University of Ostrava, Czech Republic
Scientific Tracks Abstracts: J Bacteriol Parasitol
The co-infection cases involving dixenous Leishmania spp. (mostly of the L. donovani complex) and presumably monoxenous trypanosomatids in mammalian hosts including humans are well documented. The main opportunistic parasite has been identified as Leptomonas seymouri of the sub-family Leishmaniinae. The molecular mechanisms allowing a typical parasite of insects to withstand elevated temperature and substantially different conditions of vertebrate�??s tissue are not understood. Here we demonstrate that L. seymouri is well pre-adapted for the environment of the warm-blooded host. We sequenced the genome and compared the whole transcriptome profiles of this species cultivated at low (mimicking insect) and high (mimicking vertebrate host) temperatures and identified genes and pathways differentially expressed under these experimental conditions (for example, genes involved in oxidative stress response, etc). Importantly, L. seymouri can survive in sand fly insect vectors capable of transmitting Leishmania parasites, Phlebotomus argentipes and P. orientalis, although the intensity of infection compared to Leishmania is significantly lower. We concluded that although Leptomonas seymouri has a capacity to co-infect vertebrates along with Leishmania spp., additional factors are required for establishing a stable infection of this monoxenous trypanosomatid.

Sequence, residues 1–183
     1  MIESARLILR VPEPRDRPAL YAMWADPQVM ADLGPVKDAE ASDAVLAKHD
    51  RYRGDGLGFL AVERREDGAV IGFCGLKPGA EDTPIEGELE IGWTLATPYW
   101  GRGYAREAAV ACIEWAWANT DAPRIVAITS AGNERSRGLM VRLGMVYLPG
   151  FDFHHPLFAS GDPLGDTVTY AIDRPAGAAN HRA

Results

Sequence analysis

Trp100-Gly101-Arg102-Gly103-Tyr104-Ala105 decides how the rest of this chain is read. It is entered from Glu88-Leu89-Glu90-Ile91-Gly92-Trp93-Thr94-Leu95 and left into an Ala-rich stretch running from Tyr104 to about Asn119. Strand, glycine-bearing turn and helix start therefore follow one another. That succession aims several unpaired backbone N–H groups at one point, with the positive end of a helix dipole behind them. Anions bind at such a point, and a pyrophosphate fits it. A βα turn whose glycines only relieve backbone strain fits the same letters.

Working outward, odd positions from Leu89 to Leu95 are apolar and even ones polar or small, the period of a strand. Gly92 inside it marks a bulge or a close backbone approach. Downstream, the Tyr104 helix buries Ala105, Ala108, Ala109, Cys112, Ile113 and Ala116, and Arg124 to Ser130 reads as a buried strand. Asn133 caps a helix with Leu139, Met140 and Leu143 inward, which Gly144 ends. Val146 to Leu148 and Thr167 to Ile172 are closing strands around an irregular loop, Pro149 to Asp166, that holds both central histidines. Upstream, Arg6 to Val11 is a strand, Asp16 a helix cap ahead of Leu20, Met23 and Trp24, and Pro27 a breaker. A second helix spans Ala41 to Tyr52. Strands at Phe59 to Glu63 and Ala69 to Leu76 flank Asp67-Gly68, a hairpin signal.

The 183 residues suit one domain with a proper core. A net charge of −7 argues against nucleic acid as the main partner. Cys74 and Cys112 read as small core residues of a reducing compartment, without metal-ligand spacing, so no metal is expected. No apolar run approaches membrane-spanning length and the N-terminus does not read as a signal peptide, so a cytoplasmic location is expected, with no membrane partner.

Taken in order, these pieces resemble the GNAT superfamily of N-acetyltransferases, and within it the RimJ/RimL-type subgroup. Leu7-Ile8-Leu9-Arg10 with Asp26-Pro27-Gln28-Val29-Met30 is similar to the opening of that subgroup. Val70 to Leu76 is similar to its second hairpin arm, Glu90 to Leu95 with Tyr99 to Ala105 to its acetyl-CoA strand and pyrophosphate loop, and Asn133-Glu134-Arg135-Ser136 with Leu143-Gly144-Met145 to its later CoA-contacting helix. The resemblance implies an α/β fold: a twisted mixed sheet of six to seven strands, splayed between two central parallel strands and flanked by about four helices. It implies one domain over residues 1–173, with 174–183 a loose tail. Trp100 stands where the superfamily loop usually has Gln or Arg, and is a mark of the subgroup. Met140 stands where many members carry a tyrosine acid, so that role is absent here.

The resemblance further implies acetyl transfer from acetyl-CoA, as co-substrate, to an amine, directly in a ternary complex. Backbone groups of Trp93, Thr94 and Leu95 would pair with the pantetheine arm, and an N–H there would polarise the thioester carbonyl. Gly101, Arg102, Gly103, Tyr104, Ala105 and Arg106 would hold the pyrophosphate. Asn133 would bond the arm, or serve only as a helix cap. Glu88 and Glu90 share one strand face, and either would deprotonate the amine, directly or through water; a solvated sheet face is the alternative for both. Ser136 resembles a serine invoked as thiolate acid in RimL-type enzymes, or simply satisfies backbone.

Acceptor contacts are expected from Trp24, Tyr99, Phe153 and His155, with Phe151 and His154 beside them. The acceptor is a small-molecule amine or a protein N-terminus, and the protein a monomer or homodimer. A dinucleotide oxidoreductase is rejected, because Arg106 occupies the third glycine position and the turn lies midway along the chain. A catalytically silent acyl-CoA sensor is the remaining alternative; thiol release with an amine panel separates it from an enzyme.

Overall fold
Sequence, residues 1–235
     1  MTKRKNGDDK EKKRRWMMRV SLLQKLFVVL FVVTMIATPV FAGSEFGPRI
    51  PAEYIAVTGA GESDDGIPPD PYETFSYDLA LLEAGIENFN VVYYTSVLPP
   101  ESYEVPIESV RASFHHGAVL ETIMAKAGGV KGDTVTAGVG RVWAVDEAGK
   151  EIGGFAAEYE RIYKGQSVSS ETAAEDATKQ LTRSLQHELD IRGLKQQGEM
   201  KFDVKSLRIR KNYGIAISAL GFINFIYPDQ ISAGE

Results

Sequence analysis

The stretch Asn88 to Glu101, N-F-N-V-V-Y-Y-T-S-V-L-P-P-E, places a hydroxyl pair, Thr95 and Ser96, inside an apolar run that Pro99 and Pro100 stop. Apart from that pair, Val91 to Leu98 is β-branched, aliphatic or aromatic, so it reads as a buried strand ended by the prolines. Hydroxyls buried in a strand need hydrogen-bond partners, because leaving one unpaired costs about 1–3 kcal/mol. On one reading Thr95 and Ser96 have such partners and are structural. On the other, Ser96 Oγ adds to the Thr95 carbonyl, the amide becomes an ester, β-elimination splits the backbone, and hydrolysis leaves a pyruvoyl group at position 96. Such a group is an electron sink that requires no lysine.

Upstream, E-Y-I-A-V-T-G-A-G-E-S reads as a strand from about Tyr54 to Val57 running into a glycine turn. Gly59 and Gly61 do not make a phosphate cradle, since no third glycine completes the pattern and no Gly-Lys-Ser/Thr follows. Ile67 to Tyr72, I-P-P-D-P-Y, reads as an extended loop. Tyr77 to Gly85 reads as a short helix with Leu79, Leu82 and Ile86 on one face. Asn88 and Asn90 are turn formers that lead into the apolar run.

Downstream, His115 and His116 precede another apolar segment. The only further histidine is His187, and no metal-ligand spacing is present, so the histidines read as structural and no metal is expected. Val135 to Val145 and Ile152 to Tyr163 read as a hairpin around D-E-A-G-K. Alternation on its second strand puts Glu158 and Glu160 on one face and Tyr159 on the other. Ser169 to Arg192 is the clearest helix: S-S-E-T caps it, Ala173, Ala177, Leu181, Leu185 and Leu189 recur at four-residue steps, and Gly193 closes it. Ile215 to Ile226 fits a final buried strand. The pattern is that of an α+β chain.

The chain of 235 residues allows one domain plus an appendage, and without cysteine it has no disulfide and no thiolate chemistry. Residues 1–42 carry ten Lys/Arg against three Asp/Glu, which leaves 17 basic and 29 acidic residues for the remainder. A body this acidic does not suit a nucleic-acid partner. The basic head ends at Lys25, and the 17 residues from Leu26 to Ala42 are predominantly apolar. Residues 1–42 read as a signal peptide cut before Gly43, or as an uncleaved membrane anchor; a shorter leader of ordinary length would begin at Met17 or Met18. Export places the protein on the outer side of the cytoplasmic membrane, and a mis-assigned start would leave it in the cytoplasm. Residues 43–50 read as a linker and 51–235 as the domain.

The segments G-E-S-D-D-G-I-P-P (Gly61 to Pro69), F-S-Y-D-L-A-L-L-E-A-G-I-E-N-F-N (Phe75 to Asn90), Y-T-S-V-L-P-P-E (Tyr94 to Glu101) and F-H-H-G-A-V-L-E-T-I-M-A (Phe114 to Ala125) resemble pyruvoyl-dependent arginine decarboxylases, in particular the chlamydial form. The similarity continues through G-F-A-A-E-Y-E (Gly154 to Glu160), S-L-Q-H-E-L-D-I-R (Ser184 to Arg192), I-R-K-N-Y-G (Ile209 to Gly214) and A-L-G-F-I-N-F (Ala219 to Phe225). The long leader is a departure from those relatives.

Vyacheslav Yurchenko is currently an Assistant Professor and the Head of the Laboratory of Molecular Protozoology at the Life Science Research Centre, University of Ostrava, Czech Republic. He received his PhD degree in Molecular Biology from the Moscow State University (1999) and conducted Postdoctoral research at the Albert Einstein College of Medicine and Rockefeller University in NY. His laboratory is involved in research of monoxenous Trypanosomatidae and mechanisms governing virulence of Leishmania.